With outdoor lifestyle photography your job is to sell the experience to the viewer. You need to be able to work in all kinds of lighting situations and with a range of gear–from strobes to diffusion panels–to get the kind of killer shots that makes the viewer wish they were there. Erik takes you through a series of locations and situations demonstrating lighting, posing, and composition tips and techniques all along the way.
Get instant access to this course & more
Join Erik for a quick overview of the class.
Part of the process of telling the story of a location is including landmarks in your shots with your subjects. Erik demonstrates a few ways to deal with shooting people alongside of a large landmark.
When shooting outdoors you can take advantage of natural shade to even out the exposure on your subjects. The trick from there is to move around to find the best composition that works for that location.
Shooting subjects against a bright sun is a popular look these days. Erik demonstrates a number of ways to deal with all that light.
Continuing with the Kayak shoot, Erik talks about adjusting camera settings to get the right mix of hilight and shadow.
Shooting from a unique perspective can really make for dynamic and interesting shots of even the most mundane situations.
Shooting out on the beach in the middle of sunny day is usually the worst time of the day to shoot outdoors, but Erik has a few tips and techniques on how create fantastic shots even in these harsh conditions.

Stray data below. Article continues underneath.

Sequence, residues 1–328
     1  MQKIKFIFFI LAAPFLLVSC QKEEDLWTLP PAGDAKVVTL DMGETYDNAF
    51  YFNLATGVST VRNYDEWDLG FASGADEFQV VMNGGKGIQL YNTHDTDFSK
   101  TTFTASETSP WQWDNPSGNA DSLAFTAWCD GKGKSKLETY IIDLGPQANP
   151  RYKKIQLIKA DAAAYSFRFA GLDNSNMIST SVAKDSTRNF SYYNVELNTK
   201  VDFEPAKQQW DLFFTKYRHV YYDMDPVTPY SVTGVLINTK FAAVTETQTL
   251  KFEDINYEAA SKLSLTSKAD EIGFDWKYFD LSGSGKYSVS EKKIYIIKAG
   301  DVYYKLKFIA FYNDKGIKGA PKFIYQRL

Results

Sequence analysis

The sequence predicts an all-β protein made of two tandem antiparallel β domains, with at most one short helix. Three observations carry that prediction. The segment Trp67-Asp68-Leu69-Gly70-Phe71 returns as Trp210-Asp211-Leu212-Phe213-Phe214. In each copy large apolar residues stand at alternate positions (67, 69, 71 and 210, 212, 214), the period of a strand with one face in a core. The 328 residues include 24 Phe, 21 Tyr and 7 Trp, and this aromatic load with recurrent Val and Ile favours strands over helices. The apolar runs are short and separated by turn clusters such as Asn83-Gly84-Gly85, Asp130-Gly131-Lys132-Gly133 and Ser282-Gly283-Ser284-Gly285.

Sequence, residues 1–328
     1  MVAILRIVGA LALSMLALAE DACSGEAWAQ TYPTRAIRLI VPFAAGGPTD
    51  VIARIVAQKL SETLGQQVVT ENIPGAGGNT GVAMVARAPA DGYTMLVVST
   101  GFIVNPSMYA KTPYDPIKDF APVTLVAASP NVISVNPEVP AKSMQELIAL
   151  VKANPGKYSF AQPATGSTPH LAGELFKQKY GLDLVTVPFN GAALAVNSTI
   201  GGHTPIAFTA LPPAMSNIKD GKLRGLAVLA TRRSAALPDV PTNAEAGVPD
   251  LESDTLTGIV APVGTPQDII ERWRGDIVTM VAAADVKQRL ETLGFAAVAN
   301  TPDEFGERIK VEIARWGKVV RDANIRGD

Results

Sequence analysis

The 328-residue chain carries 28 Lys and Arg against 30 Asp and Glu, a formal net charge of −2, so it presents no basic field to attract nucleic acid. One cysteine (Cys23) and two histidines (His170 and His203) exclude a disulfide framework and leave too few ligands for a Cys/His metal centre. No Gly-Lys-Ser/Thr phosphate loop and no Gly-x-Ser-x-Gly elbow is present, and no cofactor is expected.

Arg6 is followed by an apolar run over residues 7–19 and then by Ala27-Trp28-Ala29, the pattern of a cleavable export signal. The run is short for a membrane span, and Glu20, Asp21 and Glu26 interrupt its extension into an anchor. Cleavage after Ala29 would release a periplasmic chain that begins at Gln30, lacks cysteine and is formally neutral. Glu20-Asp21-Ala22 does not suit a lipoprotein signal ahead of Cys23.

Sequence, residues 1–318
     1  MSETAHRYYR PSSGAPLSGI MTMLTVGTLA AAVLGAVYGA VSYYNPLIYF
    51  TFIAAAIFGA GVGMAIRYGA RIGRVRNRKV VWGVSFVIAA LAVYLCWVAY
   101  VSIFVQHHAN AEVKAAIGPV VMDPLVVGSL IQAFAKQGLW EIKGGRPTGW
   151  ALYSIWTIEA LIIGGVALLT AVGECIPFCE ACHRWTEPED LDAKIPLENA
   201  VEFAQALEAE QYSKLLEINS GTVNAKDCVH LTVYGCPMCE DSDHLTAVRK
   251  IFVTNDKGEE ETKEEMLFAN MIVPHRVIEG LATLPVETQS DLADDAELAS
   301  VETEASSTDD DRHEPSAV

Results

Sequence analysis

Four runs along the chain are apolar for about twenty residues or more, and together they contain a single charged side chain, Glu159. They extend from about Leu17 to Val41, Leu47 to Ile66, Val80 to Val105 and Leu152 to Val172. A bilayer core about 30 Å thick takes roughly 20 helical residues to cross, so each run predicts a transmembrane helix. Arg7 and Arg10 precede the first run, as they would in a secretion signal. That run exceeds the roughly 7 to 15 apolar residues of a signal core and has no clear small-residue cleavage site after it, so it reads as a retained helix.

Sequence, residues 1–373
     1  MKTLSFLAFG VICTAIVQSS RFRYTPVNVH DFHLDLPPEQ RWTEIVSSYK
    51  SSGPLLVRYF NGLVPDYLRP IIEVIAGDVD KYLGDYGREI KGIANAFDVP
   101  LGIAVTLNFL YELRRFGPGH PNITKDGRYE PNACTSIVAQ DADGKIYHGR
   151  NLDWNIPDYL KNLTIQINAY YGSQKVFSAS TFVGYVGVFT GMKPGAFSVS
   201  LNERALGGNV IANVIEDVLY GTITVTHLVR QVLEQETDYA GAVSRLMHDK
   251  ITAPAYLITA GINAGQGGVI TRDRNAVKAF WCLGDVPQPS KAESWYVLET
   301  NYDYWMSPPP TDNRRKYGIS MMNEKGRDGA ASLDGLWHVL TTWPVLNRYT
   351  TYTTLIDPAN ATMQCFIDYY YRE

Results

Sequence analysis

The sun never stops moving, so it is a great idea to change perspectives to get even more shots out of the same location.
Another way to get a unique perspective is to shoot from over the person's shoulder and really bring the viewer right into subject's experience.
Erik shares some great tips for using a 7 foot Octabank in an outdoor scene, which gives the subjects a lot of room to move.
Your life will be a lot simpler when you can work with the ambient light instead of working against it. In this lesson Erik brings in an 7 foot parabolic umbrella to act as a second sun to even out the light on the subjects.
You can incorporate strobes into the mix with natural daylight by placing gels over your strobes to make their color temperature more closely match the light from the sun.
When shooting against the setting sun you can underexpose for the sky with a slower shutter speed, then bring in artificial light to fill in your subjects.
The edge of the sea is not a great location for setting up a lot of gear, so Erik demonstrates how to take advantage of the high speed sync mode of your camera to use a speedlight to add a little fill light on your subjects.
Erik Valind is a Top Pro Photographer who specializes in the creation of compelling commercial work and energetic lifestyle imagery. People are the center of his photography and also serve…